Buying a new vehicle is exciting, and in many cases, relieving. New vehicles from reputable manufacturers tend to run smoothly and often come with significant warranties that will cover any repairs or maintenance that might be necessary in the first few years. On top of that, new cars are unblemished and come with the latest designs and features—so you can ride around in style.
The downside is that new vehicles tend to be expensive. Fortunately, there are several strategies you can use to reduce the cost of a new vehicle.
1. Choose the Right Model
Your first job is to choose the right model. There are thousands of makes and models to choose from, and many of them will serve your purposes fine without requiring you to spend much money. Do your research in advance, and you’ll likely find a number of models that provide a good balance of quality and cost; the right vehicle should be easy to drive, safe, fuel-efficient, and reliable, without costing too much money.
Luxury cars and sports cars tend to be more expensive due to features designed for comfort, better technology, a smarter design, or more complex mechanical components. If you’re budget-conscious, these features may not mean much to you. Make a list of your biggest priorities in a new car, and review the average costs of models that are capable of addressing those needs.
2. Employ Group Purchasing
Depending on what kind of car you’re thinking of buying, you may be able to engage in group purchasing. In the B2B world, group purchasing is a strategy that allows many buyers to aggregate and leverage their collective buying power. Suppliers are often willing to extend a per-unit discount to purchases of sufficient volume, and group purchasing organizations capitalize on this. Similarly, in this case, you would be grouped with like-minded people interested in buying the same model of car; if enough of you congregate, the supplier may be willing to extend a discount to each of you.
To accomplish this, you’ll likely need to work with a group purchasing organization (GPO). There are several types of GPOs available, some of which charge fees to buyers and some of which charge fees to suppliers. Make sure you understand the nature of the group before engaging with it.
3. Skip the Extras
Most new vehicles come with a wide range of additional features. For example, you might be able to upgrade to get a built-in GPS navigation system, or heated seats. While many of these features will seem exciting and might add genuine value to your driving experience, most of these accessories aren’t worth the extra costs. Dealerships will often justify charging hundreds of dollars for even basic built-in features; if you stick to the minimum, you’ll end up with a much lower cost.
If you find yourself missing these features, or if you want to upgrade in the future, you can usually buy individual accessories and install them yourself much less expensively.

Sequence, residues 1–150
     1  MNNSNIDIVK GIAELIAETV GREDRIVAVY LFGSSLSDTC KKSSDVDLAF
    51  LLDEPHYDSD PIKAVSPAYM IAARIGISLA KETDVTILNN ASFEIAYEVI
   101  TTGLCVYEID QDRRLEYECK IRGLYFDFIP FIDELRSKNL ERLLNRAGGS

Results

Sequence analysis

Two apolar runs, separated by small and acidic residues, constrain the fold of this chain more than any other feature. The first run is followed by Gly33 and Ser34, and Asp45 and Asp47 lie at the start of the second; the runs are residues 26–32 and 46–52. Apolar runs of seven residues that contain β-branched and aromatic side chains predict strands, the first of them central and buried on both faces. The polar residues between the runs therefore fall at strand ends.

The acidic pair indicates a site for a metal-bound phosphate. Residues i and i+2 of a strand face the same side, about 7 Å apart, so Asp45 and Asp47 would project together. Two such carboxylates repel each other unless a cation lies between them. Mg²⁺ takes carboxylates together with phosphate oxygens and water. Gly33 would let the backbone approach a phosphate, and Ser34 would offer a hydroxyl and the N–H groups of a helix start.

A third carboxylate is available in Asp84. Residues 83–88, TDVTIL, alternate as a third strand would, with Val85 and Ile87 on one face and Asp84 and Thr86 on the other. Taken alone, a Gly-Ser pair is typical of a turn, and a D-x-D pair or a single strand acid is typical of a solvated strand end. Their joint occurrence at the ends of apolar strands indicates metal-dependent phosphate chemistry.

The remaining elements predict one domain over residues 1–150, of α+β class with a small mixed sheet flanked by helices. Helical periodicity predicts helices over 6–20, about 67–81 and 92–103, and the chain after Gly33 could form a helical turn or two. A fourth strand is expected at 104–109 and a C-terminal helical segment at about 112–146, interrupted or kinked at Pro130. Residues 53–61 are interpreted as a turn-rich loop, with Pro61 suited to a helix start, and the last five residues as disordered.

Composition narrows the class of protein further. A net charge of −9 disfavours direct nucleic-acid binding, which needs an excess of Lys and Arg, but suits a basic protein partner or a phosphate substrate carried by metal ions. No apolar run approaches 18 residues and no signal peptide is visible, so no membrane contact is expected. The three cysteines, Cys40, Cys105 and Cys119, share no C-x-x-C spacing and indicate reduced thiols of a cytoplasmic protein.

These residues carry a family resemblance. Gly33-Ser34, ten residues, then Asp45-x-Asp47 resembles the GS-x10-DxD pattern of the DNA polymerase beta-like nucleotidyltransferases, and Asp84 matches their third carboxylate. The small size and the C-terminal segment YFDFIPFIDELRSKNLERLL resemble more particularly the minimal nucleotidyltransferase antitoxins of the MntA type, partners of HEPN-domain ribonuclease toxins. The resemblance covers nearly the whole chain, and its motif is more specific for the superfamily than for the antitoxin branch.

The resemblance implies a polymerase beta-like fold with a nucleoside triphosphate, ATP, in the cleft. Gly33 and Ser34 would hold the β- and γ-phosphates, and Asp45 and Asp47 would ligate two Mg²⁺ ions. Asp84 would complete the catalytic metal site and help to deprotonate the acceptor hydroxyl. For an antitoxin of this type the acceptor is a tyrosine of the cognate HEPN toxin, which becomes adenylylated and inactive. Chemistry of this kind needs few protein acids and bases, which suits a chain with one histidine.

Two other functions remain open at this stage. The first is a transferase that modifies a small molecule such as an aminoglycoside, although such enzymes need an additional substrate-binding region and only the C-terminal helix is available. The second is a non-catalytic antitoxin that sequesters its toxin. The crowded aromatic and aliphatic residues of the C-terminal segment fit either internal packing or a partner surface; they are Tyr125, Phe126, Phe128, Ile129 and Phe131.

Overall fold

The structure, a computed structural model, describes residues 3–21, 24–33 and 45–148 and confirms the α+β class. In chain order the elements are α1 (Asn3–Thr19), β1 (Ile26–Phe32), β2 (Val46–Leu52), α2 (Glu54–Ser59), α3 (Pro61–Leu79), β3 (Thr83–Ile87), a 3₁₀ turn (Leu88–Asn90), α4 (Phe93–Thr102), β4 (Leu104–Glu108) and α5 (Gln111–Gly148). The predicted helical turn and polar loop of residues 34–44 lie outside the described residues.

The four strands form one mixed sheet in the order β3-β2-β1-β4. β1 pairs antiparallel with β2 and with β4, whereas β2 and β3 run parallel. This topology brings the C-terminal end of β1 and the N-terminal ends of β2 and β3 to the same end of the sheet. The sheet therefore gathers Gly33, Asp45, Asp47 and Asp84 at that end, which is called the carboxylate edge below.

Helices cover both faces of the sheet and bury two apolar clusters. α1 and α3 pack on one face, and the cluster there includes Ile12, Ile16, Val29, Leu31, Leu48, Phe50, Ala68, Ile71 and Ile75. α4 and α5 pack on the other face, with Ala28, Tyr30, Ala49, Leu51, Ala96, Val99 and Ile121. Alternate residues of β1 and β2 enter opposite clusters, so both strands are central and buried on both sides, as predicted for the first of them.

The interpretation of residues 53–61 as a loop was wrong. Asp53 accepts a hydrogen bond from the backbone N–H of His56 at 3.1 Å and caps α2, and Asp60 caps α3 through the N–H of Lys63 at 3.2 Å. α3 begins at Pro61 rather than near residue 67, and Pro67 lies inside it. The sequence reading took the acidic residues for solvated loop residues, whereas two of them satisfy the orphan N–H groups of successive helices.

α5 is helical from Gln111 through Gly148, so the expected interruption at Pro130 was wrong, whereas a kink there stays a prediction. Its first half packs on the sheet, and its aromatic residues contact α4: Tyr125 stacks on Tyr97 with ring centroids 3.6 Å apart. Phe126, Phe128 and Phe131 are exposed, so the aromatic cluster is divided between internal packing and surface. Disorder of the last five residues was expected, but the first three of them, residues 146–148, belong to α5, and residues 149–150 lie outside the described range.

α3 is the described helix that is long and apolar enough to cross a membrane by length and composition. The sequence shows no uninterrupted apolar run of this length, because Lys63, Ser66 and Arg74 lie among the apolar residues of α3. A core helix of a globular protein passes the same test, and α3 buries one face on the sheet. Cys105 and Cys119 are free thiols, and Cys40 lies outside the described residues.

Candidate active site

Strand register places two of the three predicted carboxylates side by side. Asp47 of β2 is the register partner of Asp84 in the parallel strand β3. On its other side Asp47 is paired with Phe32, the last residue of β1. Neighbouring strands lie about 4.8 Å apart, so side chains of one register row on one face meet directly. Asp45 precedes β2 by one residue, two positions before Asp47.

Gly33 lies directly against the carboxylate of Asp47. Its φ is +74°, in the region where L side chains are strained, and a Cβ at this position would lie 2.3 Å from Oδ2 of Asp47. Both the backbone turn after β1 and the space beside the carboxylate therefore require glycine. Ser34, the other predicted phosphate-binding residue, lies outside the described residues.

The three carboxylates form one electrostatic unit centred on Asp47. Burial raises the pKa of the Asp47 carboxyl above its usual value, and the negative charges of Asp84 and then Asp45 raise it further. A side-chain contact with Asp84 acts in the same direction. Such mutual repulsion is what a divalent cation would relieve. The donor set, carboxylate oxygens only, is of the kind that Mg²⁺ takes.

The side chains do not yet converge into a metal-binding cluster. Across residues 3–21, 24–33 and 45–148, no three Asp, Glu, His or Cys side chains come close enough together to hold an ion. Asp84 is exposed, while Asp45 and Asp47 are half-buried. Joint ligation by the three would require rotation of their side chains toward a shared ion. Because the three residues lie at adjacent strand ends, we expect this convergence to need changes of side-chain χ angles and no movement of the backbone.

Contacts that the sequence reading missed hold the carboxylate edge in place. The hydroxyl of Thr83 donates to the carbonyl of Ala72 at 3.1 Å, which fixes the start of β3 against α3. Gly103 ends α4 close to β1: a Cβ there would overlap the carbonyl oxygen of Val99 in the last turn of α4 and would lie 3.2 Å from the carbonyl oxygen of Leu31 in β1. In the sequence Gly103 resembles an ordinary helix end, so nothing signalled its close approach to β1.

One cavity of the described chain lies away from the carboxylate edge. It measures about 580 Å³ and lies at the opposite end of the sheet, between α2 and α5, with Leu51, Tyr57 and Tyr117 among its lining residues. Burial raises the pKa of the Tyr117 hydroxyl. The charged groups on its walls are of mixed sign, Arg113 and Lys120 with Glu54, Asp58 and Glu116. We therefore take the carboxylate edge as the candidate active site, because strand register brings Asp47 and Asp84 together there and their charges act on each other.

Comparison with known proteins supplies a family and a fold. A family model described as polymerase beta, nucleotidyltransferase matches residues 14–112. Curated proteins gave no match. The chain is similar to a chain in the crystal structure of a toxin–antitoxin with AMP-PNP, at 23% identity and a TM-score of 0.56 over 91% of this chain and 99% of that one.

4. Reduce Dependence on Financing
Financing your new vehicle can take its toll on your budget, especially over the long term, due to the power of compound interest. For example, you may find that you’re able to afford a $25,000 vehicle if you borrow $15,000. If you’re paying an interest rate of 4 percent, annually, over the course of 60 months, you’ll wind up with monthly payments of $276. However, you’ll eventually pay nearly $1,600 in interest over the course of the loan.
If you’re trying to reduce the total financial impact of your chosen vehicle, you should reduce your financing expenses as much as possible. You can do this by saving up a bigger down payment (so you take out a smaller loan), or by shopping around for better interest rates.
5. Shop Around and Negotiate
Finally, take the time to shop around and negotiate. Different dealerships and individual sellers may have different promotions or offers, which allow you to get a lower price for the vehicle you want. If you’re willing to make compromises, such as choosing a different model of vehicle or choosing different vehicle features, you may be able to find an even better deal.
Once you find a car you like, research typical prices online and consider negotiating to get a better final price. Negotiation isn’t as powerful as it used to be; thanks to the transparency and research tools available online, consumers are much better informed. Still, you should be able to get a much better price if you push for one.
If you put these strategies to good use, you’ll be able to lower the cost of a new vehicle, hopefully to a point that’s within your budget. If you’re still struggling with affordability, you may want to consider getting a used vehicle instead.